Lets see three examples. This is actually loosely based on a real case, and the problem should be familiar to many people in text processing. All three examples are the same scenario: we want to find the title of the document, but the title we are interested in (saying which goverment legislation is being dealt with) has been marked up in many different ways, including not as a heading at all but with spurious preceding other markup.

This is the common, nightmare scenario: a  large, growing, undisciplined corpus of undisciplined (here, XHTML, but they could be OOXML, ODF, etc.) documents, sourced from a variety of humans and processes and times and toolchains and original binary formats.  The messiness, variety and ill-discipline of the markup is our problem. 

 In the examples below, the heading we really want to ultimately use is marked with a ¶. So you can see there are many things that look like headings that are not, and some headings that do not look like headings but are...such as the heading interspersed in a table, for a presentation effect.

Example 1.   

This one just has the heading marked up as a paragraph.

Input

<html>
  <head>
     ...
  </head>
  <body>
    <title />
    <p><b> ¶ Government Rule 1: Nutty Duck Noise Abatement</b></p>
    <p>Keep your crazed drakes quiet.</p>
    <p>But you might also look at <b>British Government Mallard Psychopathy Report 2011:37</b> for more information</p>
   ...
</html>

SVRL

In this case the fiddled SVRL looks like this:

<svrl:successful-report  role="p-with-potential-heading"
    location="/html/*[2][self::body]/*[2][self::p]" />
<svrl:successful-report  role="p-with-potential-heading"
   location="/html/*[2][self::body]/*[4][self::p]" />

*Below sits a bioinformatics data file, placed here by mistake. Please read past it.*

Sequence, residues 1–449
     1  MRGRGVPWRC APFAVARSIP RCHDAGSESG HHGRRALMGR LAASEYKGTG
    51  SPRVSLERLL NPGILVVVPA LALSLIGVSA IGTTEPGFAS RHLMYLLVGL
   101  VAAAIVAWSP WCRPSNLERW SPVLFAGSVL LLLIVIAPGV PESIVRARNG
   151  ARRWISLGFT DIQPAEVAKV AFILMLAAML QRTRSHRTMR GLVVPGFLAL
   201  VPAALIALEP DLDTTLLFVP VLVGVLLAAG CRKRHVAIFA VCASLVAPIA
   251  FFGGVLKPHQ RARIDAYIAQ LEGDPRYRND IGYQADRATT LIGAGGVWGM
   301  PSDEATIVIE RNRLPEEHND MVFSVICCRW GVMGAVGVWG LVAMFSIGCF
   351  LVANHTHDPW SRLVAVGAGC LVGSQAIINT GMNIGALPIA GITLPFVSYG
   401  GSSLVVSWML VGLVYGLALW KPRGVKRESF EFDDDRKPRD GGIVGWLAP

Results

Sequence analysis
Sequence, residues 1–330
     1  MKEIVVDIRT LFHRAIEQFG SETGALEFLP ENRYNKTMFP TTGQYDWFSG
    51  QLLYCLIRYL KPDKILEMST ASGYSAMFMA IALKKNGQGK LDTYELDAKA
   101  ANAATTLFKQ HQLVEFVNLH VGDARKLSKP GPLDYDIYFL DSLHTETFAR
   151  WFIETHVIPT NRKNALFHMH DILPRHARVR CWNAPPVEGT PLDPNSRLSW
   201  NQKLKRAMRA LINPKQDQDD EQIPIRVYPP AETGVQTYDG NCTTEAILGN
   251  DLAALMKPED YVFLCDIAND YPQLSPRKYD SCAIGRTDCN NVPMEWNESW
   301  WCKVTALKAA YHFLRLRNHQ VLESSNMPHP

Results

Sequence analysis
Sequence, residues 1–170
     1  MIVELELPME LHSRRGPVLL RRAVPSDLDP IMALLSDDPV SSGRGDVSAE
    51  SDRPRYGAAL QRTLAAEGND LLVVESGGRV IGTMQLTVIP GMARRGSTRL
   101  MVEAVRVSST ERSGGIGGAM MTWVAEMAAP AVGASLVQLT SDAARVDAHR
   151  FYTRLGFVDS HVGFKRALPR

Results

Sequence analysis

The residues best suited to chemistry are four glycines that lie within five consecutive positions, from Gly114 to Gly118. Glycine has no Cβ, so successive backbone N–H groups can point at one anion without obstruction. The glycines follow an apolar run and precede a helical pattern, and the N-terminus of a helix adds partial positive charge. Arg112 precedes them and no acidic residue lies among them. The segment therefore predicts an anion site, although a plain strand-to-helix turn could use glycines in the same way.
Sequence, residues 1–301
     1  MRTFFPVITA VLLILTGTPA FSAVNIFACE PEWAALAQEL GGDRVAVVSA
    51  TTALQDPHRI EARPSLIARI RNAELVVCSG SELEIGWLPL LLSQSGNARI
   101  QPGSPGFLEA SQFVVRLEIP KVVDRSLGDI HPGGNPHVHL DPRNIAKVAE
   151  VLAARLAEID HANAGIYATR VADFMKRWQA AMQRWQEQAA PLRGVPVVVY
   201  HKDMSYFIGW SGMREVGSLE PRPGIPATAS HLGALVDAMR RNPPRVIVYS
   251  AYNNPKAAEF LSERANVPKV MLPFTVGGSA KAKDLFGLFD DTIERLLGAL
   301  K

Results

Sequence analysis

SHRVL

And here is our first sighting of SHRVL:  we (or our software) transposes that fiddled SVRL into this:

<shrvl>
 <html>
  <body pos="2">
     <p pos="2" found="p-with-potential-heading"/>
     <p pos="4" found="p-with-potential-heading"/>
  </body>
 </html>
</shrvl>

You can see that the XPaths in @location has been transposed into ordered elements, and that the SVRL @role attribute has been added as @found.

So what we have is a view of the original document, with important features marked up and extraneous markup removed.

As promised, here is the Schematron schema we are running to generate the SVRLs.

<sch:pattern id="p1">
  <sch:rule id="r1" context="div//table[count(.//td) &lt; 5]">
    <sch:report id="a6"
     test=".//b and not[title]"
     role="div-with-simple-table"  
     subject="ancestor::div[1]">A small table without a title but with some bold text may be the document heading.</sch:report>
  </sch:rule>
  <sch:rule id="r2" context="table[count(.//td) &lt; 8]">
    <sch:report id="a6"
test=".//b and not[title]"
role="simple-table-not-in-div"  >A small table without a title but with some bold text may be the document heading.</sch:report>